By Murray Chass

December 7, 2010

As the Hall of Fame was once again rejecting Marvin Miller as a member, the Boston Red Sox were negotiating a trade for Adrian Gonzalez, a player his team couldn’t sign, but, of course, Miller did not have a sufficiently major impact on baseball to be elected to the Hall.

As the Hall was rejecting Miller for the fifth time in eight years, the Washington Nationals were signing Jayson Werth to a 7-year, $126 million contract, using free agency to improve their chances of escaping from the nether regions of the National League. But Miller’s efforts in players’ gaining rights and freedom were not instrumental in that aspect of baseball’s development in the last quarter of the 20th century.Marvin Miller 225

As yet another Hall concoction of a committee was selling and voting Miller short – one vote short in this instance – Major League Baseball was counting its receipts for the 2010 season and watching the numbers climb to $7 billion for the first time. But what did Miller have to do with that economically awesome development?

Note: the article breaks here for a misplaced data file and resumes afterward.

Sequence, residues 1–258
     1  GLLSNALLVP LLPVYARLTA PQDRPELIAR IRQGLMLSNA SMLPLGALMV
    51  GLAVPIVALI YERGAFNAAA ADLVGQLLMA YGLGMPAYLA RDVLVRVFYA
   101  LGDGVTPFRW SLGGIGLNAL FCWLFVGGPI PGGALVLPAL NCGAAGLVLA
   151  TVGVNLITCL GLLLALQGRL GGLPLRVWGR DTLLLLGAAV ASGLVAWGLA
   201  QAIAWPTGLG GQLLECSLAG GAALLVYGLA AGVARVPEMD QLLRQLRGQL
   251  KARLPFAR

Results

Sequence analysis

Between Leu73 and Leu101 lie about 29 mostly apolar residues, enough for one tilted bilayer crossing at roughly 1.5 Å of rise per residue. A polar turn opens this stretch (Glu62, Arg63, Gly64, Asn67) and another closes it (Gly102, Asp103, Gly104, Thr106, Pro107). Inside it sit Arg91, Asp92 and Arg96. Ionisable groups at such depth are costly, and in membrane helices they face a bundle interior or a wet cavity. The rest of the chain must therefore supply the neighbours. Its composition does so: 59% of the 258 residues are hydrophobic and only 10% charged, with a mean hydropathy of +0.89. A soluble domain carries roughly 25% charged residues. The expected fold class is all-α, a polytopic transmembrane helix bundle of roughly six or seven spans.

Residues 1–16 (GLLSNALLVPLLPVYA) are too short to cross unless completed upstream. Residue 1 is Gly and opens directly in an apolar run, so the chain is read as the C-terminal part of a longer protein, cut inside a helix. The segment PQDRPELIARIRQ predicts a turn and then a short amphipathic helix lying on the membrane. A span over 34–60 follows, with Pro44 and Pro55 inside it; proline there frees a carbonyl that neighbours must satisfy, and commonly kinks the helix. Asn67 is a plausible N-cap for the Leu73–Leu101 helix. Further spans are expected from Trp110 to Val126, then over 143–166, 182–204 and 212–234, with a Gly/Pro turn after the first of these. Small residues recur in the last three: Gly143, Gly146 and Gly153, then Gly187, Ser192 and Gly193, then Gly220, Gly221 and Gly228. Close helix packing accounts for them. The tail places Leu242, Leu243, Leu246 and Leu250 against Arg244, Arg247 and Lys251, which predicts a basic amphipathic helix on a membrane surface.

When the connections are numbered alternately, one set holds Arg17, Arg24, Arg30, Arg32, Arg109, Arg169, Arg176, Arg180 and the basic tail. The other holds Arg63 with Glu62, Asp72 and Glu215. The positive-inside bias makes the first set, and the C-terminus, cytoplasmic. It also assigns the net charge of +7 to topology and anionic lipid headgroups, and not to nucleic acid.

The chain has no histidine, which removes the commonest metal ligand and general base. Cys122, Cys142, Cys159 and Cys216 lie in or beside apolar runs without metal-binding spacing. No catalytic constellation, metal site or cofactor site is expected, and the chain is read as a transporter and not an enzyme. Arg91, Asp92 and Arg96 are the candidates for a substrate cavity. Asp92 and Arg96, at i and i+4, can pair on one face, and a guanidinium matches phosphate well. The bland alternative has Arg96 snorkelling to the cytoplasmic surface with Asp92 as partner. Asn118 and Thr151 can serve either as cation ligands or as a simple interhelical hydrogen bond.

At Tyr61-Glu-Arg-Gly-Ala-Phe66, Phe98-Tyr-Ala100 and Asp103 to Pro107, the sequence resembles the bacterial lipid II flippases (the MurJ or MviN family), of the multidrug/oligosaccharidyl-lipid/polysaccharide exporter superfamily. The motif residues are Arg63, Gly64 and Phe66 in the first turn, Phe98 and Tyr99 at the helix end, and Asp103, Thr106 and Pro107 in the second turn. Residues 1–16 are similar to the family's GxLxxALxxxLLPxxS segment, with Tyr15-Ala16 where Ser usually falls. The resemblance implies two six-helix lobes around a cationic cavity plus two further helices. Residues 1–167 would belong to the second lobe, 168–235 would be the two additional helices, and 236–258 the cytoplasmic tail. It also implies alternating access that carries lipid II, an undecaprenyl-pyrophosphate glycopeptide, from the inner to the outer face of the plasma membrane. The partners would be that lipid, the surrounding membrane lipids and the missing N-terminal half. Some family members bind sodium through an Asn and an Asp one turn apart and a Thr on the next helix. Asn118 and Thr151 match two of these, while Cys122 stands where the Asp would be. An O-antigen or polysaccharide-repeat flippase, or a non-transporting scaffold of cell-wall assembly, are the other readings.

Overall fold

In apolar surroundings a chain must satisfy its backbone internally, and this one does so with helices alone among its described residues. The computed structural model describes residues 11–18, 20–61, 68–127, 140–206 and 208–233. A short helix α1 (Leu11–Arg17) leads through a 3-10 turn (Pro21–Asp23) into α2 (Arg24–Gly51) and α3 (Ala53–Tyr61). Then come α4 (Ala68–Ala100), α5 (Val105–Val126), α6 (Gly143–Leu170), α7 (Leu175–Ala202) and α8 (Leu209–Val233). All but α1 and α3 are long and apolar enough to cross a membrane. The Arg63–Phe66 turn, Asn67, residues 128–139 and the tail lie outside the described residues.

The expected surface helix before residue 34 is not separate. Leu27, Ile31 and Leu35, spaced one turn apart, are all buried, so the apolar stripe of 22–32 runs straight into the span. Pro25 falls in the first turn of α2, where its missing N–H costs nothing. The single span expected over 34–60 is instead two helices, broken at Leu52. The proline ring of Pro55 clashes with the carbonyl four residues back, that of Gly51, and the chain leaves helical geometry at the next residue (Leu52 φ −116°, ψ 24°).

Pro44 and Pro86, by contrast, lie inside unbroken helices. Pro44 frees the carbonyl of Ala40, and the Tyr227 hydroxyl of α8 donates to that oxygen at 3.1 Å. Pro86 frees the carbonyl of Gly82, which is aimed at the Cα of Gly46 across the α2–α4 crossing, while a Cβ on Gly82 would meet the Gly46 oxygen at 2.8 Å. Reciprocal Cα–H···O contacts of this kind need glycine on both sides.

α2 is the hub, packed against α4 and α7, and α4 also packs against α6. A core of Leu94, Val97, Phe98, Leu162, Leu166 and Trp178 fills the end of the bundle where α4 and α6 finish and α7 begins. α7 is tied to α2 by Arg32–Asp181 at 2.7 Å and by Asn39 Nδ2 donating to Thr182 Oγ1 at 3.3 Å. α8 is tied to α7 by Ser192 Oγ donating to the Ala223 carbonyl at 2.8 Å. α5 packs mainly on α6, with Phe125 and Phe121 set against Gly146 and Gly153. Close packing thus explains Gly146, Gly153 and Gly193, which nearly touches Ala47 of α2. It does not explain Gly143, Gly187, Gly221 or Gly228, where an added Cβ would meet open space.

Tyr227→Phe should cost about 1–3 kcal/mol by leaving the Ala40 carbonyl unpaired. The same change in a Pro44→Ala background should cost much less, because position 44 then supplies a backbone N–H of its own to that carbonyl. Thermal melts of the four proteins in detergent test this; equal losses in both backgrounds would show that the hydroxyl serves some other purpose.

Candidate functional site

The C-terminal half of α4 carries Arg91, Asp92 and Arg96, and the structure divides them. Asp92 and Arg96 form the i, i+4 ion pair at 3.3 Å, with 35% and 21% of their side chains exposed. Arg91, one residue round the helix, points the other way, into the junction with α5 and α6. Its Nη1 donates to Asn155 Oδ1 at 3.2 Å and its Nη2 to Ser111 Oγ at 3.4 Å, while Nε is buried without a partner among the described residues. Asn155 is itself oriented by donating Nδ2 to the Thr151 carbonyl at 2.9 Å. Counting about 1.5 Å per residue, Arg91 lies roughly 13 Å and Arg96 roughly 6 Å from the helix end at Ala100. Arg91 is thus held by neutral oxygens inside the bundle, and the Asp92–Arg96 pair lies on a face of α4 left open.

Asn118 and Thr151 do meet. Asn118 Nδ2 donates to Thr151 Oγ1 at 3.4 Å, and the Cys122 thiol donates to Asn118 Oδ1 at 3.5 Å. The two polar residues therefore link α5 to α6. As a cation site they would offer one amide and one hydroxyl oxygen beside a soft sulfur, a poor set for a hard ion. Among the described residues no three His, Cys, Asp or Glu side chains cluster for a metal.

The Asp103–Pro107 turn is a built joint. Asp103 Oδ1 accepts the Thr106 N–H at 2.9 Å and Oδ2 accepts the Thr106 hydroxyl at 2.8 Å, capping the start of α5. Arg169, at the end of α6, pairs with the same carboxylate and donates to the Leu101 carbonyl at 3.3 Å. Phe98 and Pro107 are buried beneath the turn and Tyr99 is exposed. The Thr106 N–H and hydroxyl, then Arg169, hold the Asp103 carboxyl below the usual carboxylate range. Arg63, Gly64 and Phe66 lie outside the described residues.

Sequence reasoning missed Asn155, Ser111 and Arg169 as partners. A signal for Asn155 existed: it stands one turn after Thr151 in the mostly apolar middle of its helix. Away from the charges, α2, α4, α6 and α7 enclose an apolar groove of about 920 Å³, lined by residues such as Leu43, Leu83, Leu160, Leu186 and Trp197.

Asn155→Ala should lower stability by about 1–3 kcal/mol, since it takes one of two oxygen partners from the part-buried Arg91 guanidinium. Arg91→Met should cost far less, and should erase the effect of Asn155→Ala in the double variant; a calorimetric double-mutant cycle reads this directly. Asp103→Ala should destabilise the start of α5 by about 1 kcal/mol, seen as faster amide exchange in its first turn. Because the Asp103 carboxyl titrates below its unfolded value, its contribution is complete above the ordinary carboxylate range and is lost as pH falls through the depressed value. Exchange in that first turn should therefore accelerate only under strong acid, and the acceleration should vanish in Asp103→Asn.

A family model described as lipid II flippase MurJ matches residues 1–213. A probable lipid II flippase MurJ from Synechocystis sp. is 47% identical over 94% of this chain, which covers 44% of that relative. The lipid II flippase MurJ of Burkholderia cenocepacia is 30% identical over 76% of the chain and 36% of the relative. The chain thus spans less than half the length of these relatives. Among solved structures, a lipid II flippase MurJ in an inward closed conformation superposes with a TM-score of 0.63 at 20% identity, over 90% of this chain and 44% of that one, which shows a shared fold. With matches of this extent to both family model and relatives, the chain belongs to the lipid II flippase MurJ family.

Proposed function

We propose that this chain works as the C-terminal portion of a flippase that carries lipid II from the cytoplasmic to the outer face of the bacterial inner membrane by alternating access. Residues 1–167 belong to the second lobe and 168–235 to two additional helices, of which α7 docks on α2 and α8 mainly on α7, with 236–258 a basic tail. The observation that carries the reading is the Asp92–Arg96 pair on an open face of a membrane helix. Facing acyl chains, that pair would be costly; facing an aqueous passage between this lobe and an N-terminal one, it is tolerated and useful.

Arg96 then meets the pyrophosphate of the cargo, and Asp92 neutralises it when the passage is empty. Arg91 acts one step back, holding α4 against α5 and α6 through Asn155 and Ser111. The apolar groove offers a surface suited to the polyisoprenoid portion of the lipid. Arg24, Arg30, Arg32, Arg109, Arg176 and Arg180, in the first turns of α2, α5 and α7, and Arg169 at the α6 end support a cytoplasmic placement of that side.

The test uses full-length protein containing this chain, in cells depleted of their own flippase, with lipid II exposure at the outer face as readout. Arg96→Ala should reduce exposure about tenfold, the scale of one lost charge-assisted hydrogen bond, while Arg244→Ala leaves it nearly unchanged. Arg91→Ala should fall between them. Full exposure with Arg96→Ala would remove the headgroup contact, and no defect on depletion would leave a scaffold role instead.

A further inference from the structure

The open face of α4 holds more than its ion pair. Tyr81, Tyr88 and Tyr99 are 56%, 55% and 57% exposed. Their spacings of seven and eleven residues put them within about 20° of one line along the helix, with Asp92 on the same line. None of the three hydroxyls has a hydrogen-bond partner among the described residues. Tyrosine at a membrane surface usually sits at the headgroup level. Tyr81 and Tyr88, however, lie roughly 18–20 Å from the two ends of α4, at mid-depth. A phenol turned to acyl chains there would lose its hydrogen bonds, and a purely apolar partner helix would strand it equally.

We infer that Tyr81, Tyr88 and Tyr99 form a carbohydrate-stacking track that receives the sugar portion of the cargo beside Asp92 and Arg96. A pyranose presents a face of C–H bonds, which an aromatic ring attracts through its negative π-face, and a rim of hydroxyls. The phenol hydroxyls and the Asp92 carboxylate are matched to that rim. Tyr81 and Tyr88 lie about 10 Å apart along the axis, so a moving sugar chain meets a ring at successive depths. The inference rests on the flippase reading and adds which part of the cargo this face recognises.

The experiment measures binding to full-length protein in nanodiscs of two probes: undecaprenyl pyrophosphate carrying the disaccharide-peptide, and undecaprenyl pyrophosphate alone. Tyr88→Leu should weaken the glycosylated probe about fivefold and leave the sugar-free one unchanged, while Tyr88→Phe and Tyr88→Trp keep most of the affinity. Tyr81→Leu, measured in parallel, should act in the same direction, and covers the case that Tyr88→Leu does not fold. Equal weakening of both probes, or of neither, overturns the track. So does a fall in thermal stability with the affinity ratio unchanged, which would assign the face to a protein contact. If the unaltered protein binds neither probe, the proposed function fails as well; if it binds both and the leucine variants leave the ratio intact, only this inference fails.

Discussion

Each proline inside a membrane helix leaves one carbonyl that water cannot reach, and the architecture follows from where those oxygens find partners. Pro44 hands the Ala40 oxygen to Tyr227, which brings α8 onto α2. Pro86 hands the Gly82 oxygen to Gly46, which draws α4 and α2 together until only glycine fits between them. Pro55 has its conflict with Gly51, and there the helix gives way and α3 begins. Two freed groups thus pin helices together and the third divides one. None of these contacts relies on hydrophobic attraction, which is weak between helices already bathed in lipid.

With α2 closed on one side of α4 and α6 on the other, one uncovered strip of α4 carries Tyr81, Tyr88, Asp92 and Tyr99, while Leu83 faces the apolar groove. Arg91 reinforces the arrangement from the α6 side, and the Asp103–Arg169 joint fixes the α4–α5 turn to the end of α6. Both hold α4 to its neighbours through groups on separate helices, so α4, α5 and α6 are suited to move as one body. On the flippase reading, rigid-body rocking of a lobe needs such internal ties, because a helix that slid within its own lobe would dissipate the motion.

No one, including the three troglodyte owners who formed the major unit of the 16-man committee that blocked Miller’s election, can argue against the impact Miller had on the game and the business of baseball. Whether or not they liked it – and the owner members of the committee surely didn’t like it – fair-minded, intelligent people have to acknowledge Miller’s impact on and contribution to baseball.

But who ever said David Glass (Kansas City), Bill Giles (Philadelphia) and Jerry Reinsdorf (Chicago White Sox) were fair-minded and intelligent?

Glass is a Neanderthal when it comes to labor relations.

Meticulous notes kept by Giles at 1985 owners meetings chaired by Commissioner Peter Ueberroth were critical evidence against the owners in the union’s successful collusion grievances of the mid-1980s.

Reinsdorf, who has a commendable record in minority hiring but a poor one in labor relations, still blames and hates Donald Fehr, a Miller successor as head of the players union, for the 1994 strike, refusing to accept his own central role in it after spearheading the movement to oust Fay Vincent as commissioner.

But these were three of the four management members the Hall of Fame put on its new, expanded veteran committee for this vote. Had the Hall wanted to recover from its shame and humiliation of keeping Miller out, it could have put two recently retired union officials, Don Fehr and Gene Orza, on the committee instead of Glass and Reinsdorf.

Management people would have been critical of such a move, but it wouldn’t have been any more foolish than having Glass, Giles and Reinsdorf.

The fourth management member on the committee was Andy MacPhail of Baltimore, who was believed to have voted for Miller in two previous votes in the smaller 12-man committee and who works for an owner, Peter Angelos, who became wealthy enough to buy the Orioles by representing workers in asbestos lawsuits.